ASIFMA report advocates for improved short selling rules in China

China’s Capital Markets
Navigating the Road Ahead
March 2017

Rules against naked short selling are used globally and are defensible. However, the common prejudice against covered short selling is as unjustified as it is widespread. Academic consensus backed by extensive empirical evidence has documented that short selling is an essential component of well-functioning equity markets.11 For one thing, short selling is not just used to express a bearish view of the market, but is also a crucial risk management tool: many short sales are part of strategy in which an investor is both long and short and is simultaneously buying and selling or to hedge a long stock portfolio. A related example is market-making, in which short sellers provide liquidity to the market when demand spikes and then buy to offset the short positions when demand drops. Such market-making is inherently stabilizing.

The global financial crisis provided regulators and researchers with a plethora of information to assess the usefulness and impact of restrictions on short selling. The overwhelming consensus from that and other experiences is that short selling restrictions fail to restrain market declines or ameliorate volatility. In fact, restricting short selling creates significant costs and other harm to the market. Market corrections occur because of a change in perception by participants who respond by selling stocks, and short sellers typically play a valuable role in markets by helping to moderate wide swings away from fair value in both directions.12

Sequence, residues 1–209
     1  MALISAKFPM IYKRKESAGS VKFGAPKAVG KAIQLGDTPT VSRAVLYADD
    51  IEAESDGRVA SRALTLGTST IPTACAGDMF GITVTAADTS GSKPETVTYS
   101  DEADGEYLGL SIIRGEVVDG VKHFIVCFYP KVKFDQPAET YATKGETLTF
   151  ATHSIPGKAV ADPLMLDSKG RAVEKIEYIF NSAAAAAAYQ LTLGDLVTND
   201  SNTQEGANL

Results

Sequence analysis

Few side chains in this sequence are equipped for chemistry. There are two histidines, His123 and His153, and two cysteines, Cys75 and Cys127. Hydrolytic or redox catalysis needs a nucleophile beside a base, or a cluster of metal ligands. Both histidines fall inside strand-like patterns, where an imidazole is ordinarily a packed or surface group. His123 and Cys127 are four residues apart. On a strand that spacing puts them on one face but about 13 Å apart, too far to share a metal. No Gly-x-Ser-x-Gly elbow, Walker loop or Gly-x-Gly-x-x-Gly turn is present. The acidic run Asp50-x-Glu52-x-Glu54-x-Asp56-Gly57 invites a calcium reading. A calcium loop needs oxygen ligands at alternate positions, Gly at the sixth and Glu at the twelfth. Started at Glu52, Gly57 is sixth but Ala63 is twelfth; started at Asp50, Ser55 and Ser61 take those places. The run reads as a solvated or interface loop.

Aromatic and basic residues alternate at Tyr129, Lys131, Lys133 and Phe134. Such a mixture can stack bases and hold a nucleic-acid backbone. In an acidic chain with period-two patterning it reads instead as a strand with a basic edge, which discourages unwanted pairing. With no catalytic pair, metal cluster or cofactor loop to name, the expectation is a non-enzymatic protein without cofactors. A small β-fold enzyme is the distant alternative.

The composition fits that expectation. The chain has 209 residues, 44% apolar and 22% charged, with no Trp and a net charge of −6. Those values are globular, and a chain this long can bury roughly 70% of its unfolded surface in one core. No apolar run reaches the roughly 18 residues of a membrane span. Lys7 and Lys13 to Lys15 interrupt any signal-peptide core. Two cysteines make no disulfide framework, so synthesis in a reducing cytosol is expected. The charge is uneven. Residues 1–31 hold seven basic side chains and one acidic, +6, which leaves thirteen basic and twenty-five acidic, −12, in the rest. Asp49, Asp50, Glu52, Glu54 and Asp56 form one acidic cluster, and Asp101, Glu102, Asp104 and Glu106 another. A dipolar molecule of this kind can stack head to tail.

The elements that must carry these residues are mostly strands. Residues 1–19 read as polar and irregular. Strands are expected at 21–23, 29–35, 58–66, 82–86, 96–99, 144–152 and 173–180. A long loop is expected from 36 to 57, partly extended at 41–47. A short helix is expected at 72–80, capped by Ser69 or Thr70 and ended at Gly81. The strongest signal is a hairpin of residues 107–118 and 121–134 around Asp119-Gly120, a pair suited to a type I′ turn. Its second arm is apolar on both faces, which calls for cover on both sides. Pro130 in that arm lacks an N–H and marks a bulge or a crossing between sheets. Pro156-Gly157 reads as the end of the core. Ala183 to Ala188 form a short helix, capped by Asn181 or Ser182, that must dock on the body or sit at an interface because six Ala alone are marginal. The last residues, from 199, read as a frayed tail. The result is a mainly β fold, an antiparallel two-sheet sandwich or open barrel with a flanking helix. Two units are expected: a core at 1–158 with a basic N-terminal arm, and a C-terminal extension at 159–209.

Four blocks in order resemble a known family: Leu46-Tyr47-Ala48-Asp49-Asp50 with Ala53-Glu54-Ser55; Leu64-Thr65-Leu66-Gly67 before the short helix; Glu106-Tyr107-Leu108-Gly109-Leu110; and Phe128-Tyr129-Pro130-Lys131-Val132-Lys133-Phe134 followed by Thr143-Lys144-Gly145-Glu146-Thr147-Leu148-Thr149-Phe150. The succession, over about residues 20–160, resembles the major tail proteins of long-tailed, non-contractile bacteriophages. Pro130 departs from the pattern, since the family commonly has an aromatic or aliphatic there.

While not prohibited in China, short selling is cumbersome and all but impracticable because the stock borrowing and lending (SBL) market is inefficient and expensive. Short selling in China will only become feasible when there is a reasonably efficient market for SBL and margin financing. Industry, exchanges and regulators should collaborate to develop rules and mechanisms to bring about such an outcome.13

11 For example, in his Nobel acceptance speech, William Sharpe made the point that the ability to sell short is a pre-condition for market efficiency. For an excellent overview of the evidence on short selling, see “A Positive Economics View of Short Selling”, Robert J. Bianchi and Michael E. Drew, Banks and Bank Systems, Volume 7, Issue 2, 2012.
12 A survey of academic studies is provided in Bianchi, Robert J. and Michael E. Drew, Banks and Bank Systems, “A positive economics view of short selling” Volume 2, Issue 2, 2012.
13″ASIFMA White Paper: The Through Train: Stock Connects Impact and Future.” ASIFMA, December 2014.

The full report is available at

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